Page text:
The initial information vector is *π*(0) = (0.4,0.5,0.1). The algorithm is a novel of a policy iteration. We begin with a policy δ^{0}, evaluate that policy by solving a set of linear equations to find the value of this policy . Use this value to choose the action that minimizes the equations in (2.10) to perform a policy improvement step, and determine the next policy δ^{1}. This process is continued until identical policies are found in subsequent iterations Sondik [5]. Optimal control-limit policy: A line segment connecting information vectors *π*' = (0.5951, 0.4049,0) and *π*" = (0.25, 0,0.75). For all information states (belief-states) to the right region we take surgical treatment. Otherwise we take medical treatment (see Figure Figure11).

Several studies have shown that dopaminergic medication can be considerably reduced after STN-DBS [23,24] Suggesting that costs for pharmacological treatment should also decrease. Also it has been demonstrated that nursing home admissions were less frequent in patients who have had STN-DBS compared to medically treated patients [16]. Also several clinical studies have shown the clinical effectiveness of STN-DBS in improving Parkinsonian symptoms [22]. The benefit of STN-DBS on motor-function allowed a major improvement in all aspects of quality of life, especially the social functioning subscale, as already reported [23]. The present mathematical model confirms these results. According to this model the surgical action is cost effective confirming previously published clinical models and can be applied for patients with PD relatively early (e.g for moderate events) with economic benefits, quality of life and low risk.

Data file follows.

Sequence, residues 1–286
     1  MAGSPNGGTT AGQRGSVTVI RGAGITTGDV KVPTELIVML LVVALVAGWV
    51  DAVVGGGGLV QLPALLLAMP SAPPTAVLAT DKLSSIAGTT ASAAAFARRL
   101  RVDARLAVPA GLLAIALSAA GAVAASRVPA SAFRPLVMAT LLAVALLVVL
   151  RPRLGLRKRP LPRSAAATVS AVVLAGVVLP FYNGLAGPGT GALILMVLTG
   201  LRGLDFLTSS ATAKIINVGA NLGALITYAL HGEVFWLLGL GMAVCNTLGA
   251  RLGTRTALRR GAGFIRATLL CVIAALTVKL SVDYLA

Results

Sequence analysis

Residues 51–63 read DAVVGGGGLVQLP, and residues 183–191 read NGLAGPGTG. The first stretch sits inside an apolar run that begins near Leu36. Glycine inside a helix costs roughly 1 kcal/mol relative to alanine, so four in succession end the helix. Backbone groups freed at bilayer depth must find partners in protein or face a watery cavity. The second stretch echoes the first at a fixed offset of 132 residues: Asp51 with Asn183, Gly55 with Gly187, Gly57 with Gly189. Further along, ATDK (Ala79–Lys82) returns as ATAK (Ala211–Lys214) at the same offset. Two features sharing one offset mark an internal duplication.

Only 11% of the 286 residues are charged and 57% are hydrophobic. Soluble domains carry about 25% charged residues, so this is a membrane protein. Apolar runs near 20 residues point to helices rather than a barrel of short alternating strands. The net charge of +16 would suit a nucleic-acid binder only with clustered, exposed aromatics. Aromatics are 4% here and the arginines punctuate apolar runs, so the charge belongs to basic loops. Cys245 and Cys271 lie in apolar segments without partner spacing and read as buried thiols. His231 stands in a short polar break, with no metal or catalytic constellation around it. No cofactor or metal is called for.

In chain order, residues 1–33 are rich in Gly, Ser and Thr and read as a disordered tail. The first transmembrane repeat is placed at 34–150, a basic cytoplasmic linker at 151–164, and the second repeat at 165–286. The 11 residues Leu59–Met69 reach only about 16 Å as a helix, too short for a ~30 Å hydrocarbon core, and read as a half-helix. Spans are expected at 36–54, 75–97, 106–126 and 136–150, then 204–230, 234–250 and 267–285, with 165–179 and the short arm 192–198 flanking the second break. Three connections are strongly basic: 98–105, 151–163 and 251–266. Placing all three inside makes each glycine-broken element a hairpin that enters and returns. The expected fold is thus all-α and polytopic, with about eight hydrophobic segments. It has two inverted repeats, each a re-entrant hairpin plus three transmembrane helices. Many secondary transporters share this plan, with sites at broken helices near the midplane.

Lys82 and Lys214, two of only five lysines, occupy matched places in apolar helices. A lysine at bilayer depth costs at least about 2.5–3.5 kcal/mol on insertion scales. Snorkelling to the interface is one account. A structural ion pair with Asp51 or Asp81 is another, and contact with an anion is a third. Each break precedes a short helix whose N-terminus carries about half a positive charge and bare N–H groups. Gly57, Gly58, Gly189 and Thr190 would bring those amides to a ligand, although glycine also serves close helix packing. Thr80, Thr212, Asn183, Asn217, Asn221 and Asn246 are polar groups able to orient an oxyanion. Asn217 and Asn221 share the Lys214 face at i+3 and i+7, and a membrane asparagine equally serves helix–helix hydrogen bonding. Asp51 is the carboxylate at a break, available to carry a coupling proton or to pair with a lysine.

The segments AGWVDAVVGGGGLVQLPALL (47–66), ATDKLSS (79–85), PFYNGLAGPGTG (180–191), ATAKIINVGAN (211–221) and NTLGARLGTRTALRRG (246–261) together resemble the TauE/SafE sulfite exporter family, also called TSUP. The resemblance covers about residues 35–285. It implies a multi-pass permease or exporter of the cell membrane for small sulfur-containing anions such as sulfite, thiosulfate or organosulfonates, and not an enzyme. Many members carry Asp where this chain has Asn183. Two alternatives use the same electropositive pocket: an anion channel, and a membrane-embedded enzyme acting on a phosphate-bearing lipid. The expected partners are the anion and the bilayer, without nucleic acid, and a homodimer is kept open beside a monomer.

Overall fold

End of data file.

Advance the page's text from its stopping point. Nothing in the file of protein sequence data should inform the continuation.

The clinical management requires the ability to predict the interplay between the natural history of diseases and the effects of intervening actions over time. Often, such predictions cannot be made with certainty and trade-offs have to be made between the expected benefits of current and future decisions. In our paper we presented how partially observable Markov decision processes can be used to formalize the management of a patient with Parkinson's disease, providing an explicit representation of the clinical states, the management strategy employed and the objectives of treatment. Therefore, the final aim of our research is to provide analyses and methods that can inform clinical studies. Our model crates a simulation of the actual disease monitoring processes. Consequently, our model should only be used complementary in the decision making process. As a fact, the implementation of our model in the real clinical practice, confirmed that it has the ability to sufficiently estimate the decisions taken by the clinicians. However, we don't suggest that our model should directly effect immediate changes in the treatment policy for patients with PD. Finally, we believe that our model provides an efficient and supplementary tool for determining a feasible set of treatment options to be examined in the clinical practice.

The authors declare that they have no competing interests.

For the POMDP model we apply the following main performances index.

**Discounted-cost (DC)**:

(1)

**Average-cost (AC)**:

(2)

respectively, and in terms of the information vector *ρ*(t) by:

(3)

and

(4)